the beach in Egypt after Pharsalus and continued the struggle against
the 2nd triumvirate till the mid-30s. (Rather confusingly, he adopted
the name Magnus Pompeius Magnī fīlius Pius.) The Anglicized form Mark
Antony is probably influenced by Shakespeare.
The choice between the various
combinations of praenōmina, nōmina and cognōmina
seems arbitrary, but is adhered to fairly rigidly in individual cases:
the playwright Terence (P. Terentius Afer) is never called Terentius
or Afer or Terentius Afer, whereas the great scholar Varro (M. Terentius
Varro) is never called Terence, though he is occasionally Terentius
Varro; to refer to Ovid as Naso or to Vergil as Maro is antiquated;
to call Cicero Tully has long gone out of fashion, while Sallust (C.
Sallustius Crispus) has never been known as Crispy, and M. Porcius Cato
has always been known as Cato.
The emperor Augustus had a
particularly complex name. He was born as C. Octāvius. As a
child, he was given the cognōmen Thūrīnus, either because
his family was from Thurii (in S. Italy) or because his father had defeated
remnants of the partisans of Spartacus and Catiline there. On his adoption
by his great-uncle, Julius Caesar, he became C. Iūlius C. f(īlius)
Caesar Octāviānus. He himself never used the cognōmen
Octāviānus, though he was so called by his contemporaries, and
he is still known as Octavian if reference is being made to the period
of his life before 27 BC, when he became Augustus. He also dropped
Iūlius, preferring to have the cognōmen Caesar as
his nōmen. After the deification of Julius Caesar, he restyled
his name to C. Caesar Dīvī f. (i.e. “son of a god”). He
preferred to use the further cognōmen Imperātor in the
place of his praenōmen. When the Senate gave him the title
Augustus, his name reached its definitive version, Imperātor
Caesar Dīvī f. Augustus.
One Greek source suggests that
Augustus initially had the cognōmen Caepiās (perhaps
from caepa, -ae fem. 1 “onion” [cf. e.g. Cicero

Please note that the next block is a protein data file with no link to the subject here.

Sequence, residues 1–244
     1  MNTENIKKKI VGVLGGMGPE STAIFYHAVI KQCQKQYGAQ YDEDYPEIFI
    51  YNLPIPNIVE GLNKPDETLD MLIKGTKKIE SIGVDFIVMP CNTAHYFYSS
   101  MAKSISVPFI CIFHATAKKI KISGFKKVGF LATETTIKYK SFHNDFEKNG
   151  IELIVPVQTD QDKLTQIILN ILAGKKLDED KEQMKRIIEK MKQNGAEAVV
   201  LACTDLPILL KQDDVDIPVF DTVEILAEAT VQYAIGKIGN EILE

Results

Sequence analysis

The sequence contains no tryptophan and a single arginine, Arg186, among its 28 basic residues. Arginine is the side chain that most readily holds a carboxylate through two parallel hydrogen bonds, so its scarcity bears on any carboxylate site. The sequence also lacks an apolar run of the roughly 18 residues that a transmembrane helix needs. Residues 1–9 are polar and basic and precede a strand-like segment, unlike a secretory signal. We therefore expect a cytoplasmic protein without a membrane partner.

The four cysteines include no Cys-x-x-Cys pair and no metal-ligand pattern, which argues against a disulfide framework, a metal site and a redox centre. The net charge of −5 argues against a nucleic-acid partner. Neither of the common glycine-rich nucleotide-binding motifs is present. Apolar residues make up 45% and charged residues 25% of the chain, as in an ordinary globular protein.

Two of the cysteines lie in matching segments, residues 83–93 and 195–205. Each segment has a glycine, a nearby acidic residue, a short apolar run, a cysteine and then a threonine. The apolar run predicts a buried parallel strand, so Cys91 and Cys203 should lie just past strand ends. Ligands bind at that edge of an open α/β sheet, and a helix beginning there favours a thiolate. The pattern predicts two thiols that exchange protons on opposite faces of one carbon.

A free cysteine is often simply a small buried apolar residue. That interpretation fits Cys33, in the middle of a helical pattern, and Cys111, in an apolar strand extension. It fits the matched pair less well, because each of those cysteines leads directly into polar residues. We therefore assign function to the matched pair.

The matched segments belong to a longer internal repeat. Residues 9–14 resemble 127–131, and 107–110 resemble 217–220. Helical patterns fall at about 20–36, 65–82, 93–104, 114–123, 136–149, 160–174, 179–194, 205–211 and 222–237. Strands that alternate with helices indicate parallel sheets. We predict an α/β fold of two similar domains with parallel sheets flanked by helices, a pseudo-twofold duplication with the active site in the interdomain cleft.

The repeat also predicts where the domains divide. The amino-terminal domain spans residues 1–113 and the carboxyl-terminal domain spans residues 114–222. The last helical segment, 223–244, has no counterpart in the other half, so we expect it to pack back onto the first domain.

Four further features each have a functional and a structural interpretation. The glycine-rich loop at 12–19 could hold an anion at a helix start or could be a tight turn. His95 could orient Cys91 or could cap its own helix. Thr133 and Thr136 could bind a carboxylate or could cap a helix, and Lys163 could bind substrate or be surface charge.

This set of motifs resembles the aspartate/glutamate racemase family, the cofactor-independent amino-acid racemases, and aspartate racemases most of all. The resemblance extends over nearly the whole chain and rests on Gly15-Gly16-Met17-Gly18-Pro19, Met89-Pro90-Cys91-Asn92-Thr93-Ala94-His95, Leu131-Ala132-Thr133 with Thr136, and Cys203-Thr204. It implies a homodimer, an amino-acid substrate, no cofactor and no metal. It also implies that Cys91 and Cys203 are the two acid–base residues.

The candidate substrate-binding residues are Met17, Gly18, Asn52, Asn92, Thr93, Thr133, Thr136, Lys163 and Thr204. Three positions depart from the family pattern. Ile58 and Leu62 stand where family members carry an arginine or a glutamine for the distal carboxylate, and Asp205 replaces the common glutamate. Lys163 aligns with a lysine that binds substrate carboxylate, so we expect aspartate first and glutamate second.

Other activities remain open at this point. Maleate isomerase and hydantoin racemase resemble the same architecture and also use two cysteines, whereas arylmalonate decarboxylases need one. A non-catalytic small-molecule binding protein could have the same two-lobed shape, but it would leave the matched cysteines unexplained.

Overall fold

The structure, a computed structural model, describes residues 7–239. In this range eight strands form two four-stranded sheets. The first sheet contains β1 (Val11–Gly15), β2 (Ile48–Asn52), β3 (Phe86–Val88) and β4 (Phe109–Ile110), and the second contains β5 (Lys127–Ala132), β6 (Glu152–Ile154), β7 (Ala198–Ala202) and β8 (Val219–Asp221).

from cicer, ciceris neut. 3 “chick-pea”, Pīsō
from Pīsum, -ī neut. 2 “pea”]; Caepiō,
presumably cognate, occurs quite frequently as a cognōmen, and
was for a time the official nōmen of M. Junius Brutus, the most
prominent of Caesar’s murderers).
Nothing illustrates the low
status of women so vividly as the fact that they were usually known
only by the feminine form of the family nomen (e.g. Tullia,
Iūlia, Semprōnia), without even a praenōmen, except
that Maior, Minor, Tertia, Quarta etc. would be
used to distinguish between sisters. In the late Republic, it became
more frequent for women to be known by the feminine form of the family
nōmen and by the cognōmen in the genitive case; e.g.
Tullia Cicerōnis. In modern Greece an unmarried woman’s surname
is the family name in the genitive case, and most Slavic countries have
a comparable system.
Women generally did not change
their name when they married. Many married women referred to in inscriptions
have the same name as their husbands, presumably because they had both
been slaves in the same household, or because freedwomen had married
their former owners. Cicero’s first wife was called Terentia; she
seems to have lived to the age of 103, with subsequent marriages to
the historian Sallust and to M. Valerius Messalla Corvinus. Messalla
was not only a successful military commander, but an important patron
of literature, a rival in this respect to C. Maecenas, whose wife was
also called Terentia; it would be fascinating to know what relation,
if any, there was between the two women.
Curious forms such as Gāipor,
Lūcipor, Marcipor (= Gaiī
puer, Lūciī puer, Marcī
puer) attest that in early times slaves had little personal identity.
Later, they had a single name, but their owner’s name might be appended,
as e.g. Fēlix Antōniī (servus), “Felix, the slave
of Antonius”. There was a broad range of slave names, a large proportion
being Greek. (It would enhance a slave’s value to suggest an origin
in such a civilized part of the Empire.) If a slave was freed, he typically
took the praenōmen and nōmen of his ex-master, but retained
his slave-name as his cognōmen. Herodes Atticus (who built the
Odeon at Athens) called a group of his slaves by the names of the letters
of the alphabet, which they wore on the back of their tunics to help
his son to learn to read.